Category Archives: Poverty

Connecticut’s $10.10 Minimum Wage: Adjusted For Inflation, We’ve Been Here Five Times Before

by Categorized: Data, Employment, Finance, Government, Poverty Date:

Connecticut is making national news with legislation boosting the minimum wage to $10.10 an hour beginning in 2017. With Gov. Dannel P. Malloy’s planned signature on the bill Thursday evening, the Nutmeg State becomes the first in the nation to agree to eventually knock through the $10 mark for the lowest-paid workers.

But adjusted for inflation, we’ve topped $10.10 before – albeit not for several decades. As the chart below shows, the hourly minimum wage, in 2014 dollars, exceeded $10.10 in 1968, 1969, 1971, 1972 and 1978. The top rate was in 1968, when the inflation-adjusted minimum was $10.78.

The $10.10 wage is, however, significantly higher than the average inflation-adjusted minimum wage over the last 63 years. Since 1951, the lowest-paid workers have earned an average of $8.39 in today’s dollars.

So $10.10 isn’t the most Connecticut employers have been required to pay, and it certainly isn’t the least. And that alone will assure the topic remains controversial and politically divisive.

CT_Minimum Wage

More and More U.S. Clothes Are Made by Bangladeshi Workers Earning Pennies an Hour

by Categorized: Business, Consumer Affairs, Data, Employment, Finance, Politics, Poverty Date:

U.S. consumers horrified by the tragic building collapse in Bangladesh might want to check the manufacturer’s label on the clothing they’re wearing; data show the compact nation is now the fourth-largest source of apparel imported into the U.S., delivering $4.5 billion a year in goods.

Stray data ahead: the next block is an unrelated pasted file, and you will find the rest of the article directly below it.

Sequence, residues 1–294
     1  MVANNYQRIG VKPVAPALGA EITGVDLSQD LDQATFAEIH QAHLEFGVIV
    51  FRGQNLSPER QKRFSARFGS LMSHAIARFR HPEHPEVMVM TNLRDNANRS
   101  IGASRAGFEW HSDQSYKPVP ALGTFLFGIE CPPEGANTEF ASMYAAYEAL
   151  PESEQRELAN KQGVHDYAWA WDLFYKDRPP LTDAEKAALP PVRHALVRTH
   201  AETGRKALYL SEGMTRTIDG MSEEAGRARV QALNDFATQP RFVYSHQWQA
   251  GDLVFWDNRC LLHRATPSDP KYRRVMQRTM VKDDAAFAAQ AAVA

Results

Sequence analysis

That’s more than double the amount imported from Bangladesh a decade ago, and in that same time frame, Bangladesh’s share of the U.S. apparel market has nearly doubled as well. In 2003, Bangladesh ranked 10th among nations supplying the United States, with 3 percent of all apparel imports, Department of Commerce numbers show. But as manufacturers have sought ever-lower labor costs, that figure has jumped to 5.8 percent.

The shift in manufacturing to Bangladesh comes as wages are rising slowly in other apparel-producing countries, including China. Pay in Bangladesh increased three years ago as well, but the minimum wage for garment workers in the country is still about $38 a month.

Efforts to increase that amount have met resistance from factory owners and government officials, who fear even a small uptick in wages will lead Western brands to look elsewhere for suppliers.

Minimum Wage Fight – Historically, $9 an Hour is Higher than Average but Hardly Unprecedented

by Categorized: Business, Data, Finance, Politics, Poverty Date: